Last Sunday, I left for church camp with my son (Camden), my nephew and almost 300 campers. The four days were packed with fun activities like water games, zip-lining, swimming at the lake, scavenger hunts and more.
I led a team of 19 campers and two junior leaders. As a team, we ate our meals together, had small group time and participated in team games. I also slept in a dorm with nearly 30 elementary-aged boys. It was quite the experience.
Overall, I had a wonderful time.
During my time at camp, I learned some things about myself that I didn’t expect. Here are some of the things I learned:
1) The most rewarding experiences in life don’t always come easy. I’ve had some time to reflect on my camp experience since we got home last Weds. night. Overall, it was one of the best experiences I’ve had in a long time.
It didn’t start out that way. I didn’t get any sleep the first night because I was fighting some kind of a stomach bug. It lasted almost 24 hours. I texted my wife multiple times that I wanted to come home. She encouraged me to push on. I knew I couldn’t leave anyway because I’d be letting the campers down (not to mention my son and nephew).
After I got through the stomach bug, I had an awesome time. I came to the realization that sometimes you just have to “push through.” I’m glad that I did.
2) It’s good to get away from normal everyday life. When I was at camp, I never had time to think about work, finances, parenting or any other adult stresses that I deal with every day. I was given the opportunity to spend quality time with my son and the other kids on my team. It’s not very often that I truly get to step away. I was grateful for the opportunity.
3) Experiences like this remind me how much I love my family. As we came to the end of camp, I felt this overwhelming love for my son. I wanted to hug him and tell him how much I loved him.
We also had an experience where a bathroom sink broke on him and I momentarily panicked because I thought he was hurt. Fortunately, he was just scared. The sink didn’t fare so well.
I was thrilled to see my wife and our other two kids once I returned home. Sometimes, we need a break from each other but it’s always good to be back together.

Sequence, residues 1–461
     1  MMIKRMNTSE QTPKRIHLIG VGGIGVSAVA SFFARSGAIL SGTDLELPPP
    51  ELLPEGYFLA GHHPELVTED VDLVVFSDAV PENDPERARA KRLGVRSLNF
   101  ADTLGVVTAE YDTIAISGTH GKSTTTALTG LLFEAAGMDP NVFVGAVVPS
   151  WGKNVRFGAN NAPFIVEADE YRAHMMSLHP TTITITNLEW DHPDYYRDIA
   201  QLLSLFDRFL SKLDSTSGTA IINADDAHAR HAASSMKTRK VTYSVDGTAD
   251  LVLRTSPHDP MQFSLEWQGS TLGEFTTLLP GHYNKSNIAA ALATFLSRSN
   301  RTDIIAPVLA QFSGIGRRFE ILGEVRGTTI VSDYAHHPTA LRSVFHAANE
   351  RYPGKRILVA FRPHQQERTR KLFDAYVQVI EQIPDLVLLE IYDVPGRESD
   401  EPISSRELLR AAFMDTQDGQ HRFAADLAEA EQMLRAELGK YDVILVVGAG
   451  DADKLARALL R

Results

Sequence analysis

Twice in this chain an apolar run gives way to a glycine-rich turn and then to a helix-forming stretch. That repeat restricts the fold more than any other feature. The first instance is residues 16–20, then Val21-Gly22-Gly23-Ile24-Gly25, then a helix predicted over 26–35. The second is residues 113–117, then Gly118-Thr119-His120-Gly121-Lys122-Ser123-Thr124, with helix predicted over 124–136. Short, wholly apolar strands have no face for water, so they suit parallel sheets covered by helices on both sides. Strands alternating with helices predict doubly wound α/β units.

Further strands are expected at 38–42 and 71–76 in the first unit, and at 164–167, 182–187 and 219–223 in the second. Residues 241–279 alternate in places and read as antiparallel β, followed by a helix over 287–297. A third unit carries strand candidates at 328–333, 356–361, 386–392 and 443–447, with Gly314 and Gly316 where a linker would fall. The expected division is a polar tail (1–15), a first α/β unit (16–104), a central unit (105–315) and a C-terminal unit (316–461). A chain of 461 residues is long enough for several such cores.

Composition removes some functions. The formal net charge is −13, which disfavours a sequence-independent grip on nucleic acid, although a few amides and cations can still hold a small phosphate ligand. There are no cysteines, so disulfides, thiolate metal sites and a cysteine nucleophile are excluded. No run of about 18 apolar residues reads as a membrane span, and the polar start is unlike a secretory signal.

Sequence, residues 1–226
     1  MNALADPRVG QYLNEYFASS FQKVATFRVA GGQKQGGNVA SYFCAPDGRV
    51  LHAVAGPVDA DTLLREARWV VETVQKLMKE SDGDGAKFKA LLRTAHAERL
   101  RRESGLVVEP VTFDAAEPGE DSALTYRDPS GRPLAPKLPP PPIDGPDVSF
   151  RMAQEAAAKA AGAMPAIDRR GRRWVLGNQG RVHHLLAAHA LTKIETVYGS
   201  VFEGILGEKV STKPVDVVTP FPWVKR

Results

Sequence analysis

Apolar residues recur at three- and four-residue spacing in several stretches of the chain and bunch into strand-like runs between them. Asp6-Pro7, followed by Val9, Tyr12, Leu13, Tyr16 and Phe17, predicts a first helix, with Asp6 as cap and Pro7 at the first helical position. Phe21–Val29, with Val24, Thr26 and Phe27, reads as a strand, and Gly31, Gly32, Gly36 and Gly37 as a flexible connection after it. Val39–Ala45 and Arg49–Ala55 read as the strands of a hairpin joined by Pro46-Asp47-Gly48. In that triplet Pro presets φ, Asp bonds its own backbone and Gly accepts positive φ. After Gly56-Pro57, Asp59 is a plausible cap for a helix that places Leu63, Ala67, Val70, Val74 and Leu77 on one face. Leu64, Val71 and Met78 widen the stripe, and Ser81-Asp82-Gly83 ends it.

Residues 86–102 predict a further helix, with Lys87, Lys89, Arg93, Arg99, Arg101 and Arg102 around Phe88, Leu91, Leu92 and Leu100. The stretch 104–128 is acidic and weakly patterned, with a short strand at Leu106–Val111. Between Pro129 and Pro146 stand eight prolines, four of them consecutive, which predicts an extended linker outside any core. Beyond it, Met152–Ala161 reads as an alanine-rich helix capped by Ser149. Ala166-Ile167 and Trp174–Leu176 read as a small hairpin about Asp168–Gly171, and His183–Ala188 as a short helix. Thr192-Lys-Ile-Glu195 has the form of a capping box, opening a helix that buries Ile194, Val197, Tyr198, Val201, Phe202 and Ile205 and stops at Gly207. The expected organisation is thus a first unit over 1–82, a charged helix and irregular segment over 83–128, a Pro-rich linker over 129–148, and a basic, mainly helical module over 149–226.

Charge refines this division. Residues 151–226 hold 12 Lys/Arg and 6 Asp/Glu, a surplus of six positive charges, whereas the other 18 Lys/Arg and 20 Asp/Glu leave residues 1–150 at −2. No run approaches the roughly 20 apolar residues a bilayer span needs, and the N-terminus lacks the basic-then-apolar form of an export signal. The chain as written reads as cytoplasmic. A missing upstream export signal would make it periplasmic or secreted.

4) I can be a better example/role model for my kids, family members and other kids I’m around. During camp, I tried to not “parent” my son and nephew too much. I pretty much let them do whatever they wanted (within reason).
There was a particular moment where I squeezed my son’s arm for misbehaving and he immediately shut down and didn’t want to participate in the activity we were doing. I accidentally embarrassed him in front of the other kids. I felt really bad and apologized to him afterward. It was a very valuable lesson for me.
5) I need to step out of my comfort zone from time to time to grow as a human being. I was responsible for a large group of kids for four days. In addition, I led several small group times. I was extremely anxious about it going into camp. Looking back, my experiences at camp pushed me and I’m a better person because of it.
6) Little boys (and girls) can and will lose everything (including their shoes). On our last day, as my team was waiting for a wagon to take us to meet the kids’ parents, I noticed that one of my campers was missing his shoes. He had no idea where they were. When I asked him if he had other shoes, he said he lost them too. I guess he was having too much fun to worry about shoes.
I swept our dorm after most of the kids were out and I couldn’t believe how many of them left stuff on their beds with their names written on them. There were socks and underwear everywhere! I’m guessing there were a lot of angry parents at kids that didn’t bring everything back home with them.
7) Kids “go” until they can’t. Camden fell asleep before we made it home.
I loved camp and spending time with the kids. We all had fun, made some new memories, met some new friends and hopefully learned a thing or two.
I think I’m going to look for more opportunities to work with kids in the future. They’ve got a lot to teach me.